A red-emitting nitridosilicate phosphor, Sr2Si5N8:Eu2+, shows very promising photoluminescence properties but exhibits serious thermal degradation, thus making it difficult to be used practically as a color converter in white light-emitting diodes (wLEDs). To alleviate this problem, we introduce carbon into the Sr2Si5N8lattice to form thermally robust carbidonitride phosphors (Sr2Si5CxN8-4x/3:Eu2+). The carbon doping, evidenced by a variety of analytical techniques, leads to structural evolutions including lattice shrinkage, shortening of the average bond length of Eu-(C,N), and the removal of Eu3+ions from the lattice. The photoluminescence intensity and quantum efficiency of phosphors are greatly improved by the carbon doping and reach the maximum at x = 0.5, dominantly owing to the enhanced absorption of Eu2+. Thanks to the increased oxidation resistance of Eu2+due to the stronger covalency of Si-(C,N) and Sr(Eu)-(C,N) bonds, thermal degradation is significantly reduced from 16 to 0.8% when the carbon doping increases from x = 0 to 1.25. In addition, thermal quenching is also reduced by 10% at 300 °C and the quantum efficiency declines slowly with increasing temperature when carbon is substituted for nitrogen. At 300 °C, the internal quantum efficiencies are 55% and 62% for x = 0 and 0.5, respectively. The enhanced thermal stability of the carbon-doped sample is also confirmed by smaller variations in the luminous efficacy and color coordinates of monochromatic red LEDs.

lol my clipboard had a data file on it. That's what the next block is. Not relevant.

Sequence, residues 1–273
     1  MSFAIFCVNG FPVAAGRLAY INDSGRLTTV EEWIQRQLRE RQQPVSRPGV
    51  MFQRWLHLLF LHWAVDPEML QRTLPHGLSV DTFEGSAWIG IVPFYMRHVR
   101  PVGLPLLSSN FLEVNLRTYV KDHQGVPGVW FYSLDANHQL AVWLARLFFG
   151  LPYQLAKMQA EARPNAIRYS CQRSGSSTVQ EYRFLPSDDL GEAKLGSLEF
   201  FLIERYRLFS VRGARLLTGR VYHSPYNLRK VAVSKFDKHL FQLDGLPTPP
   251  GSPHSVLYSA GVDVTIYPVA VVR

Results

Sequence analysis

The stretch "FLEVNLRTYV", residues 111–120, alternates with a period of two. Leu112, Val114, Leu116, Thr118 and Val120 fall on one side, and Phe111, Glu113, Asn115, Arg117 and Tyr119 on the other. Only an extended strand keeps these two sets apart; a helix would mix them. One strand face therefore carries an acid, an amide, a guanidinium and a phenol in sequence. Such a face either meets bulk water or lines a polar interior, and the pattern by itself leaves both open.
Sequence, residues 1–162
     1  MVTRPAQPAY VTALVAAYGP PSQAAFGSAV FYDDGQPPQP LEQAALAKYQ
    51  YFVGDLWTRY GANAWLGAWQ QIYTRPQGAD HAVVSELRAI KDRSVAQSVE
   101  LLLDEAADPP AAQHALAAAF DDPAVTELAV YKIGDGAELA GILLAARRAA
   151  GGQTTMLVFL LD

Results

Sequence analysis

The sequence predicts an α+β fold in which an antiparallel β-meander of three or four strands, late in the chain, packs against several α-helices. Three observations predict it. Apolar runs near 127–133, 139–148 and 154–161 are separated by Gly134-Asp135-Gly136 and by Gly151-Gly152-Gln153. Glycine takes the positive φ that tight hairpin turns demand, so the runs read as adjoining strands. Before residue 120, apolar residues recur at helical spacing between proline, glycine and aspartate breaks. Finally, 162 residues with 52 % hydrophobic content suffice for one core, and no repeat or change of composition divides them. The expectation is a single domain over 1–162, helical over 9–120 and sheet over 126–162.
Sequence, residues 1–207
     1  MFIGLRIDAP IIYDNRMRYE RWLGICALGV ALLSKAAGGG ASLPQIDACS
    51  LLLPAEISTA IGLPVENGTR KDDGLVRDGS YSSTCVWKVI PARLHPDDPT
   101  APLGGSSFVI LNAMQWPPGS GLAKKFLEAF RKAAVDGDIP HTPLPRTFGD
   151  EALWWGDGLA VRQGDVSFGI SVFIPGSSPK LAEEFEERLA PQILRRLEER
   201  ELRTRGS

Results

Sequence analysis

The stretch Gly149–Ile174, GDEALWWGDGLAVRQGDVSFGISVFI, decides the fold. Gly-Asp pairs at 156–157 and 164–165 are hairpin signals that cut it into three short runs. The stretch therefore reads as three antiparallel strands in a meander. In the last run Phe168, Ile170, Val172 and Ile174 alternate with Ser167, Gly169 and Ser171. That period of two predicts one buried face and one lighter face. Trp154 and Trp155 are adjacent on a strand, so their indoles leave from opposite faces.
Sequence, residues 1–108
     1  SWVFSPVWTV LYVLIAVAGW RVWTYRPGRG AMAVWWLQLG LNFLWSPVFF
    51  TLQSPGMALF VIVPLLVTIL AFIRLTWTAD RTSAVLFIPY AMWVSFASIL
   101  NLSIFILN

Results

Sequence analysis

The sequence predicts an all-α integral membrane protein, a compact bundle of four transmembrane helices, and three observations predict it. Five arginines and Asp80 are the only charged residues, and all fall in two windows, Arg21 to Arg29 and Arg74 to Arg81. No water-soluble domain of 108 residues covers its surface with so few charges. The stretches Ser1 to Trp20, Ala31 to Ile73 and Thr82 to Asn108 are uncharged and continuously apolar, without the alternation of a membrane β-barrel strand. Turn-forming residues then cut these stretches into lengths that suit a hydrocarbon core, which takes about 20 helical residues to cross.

ASJC Scopus subject areas
- Materials Chemistry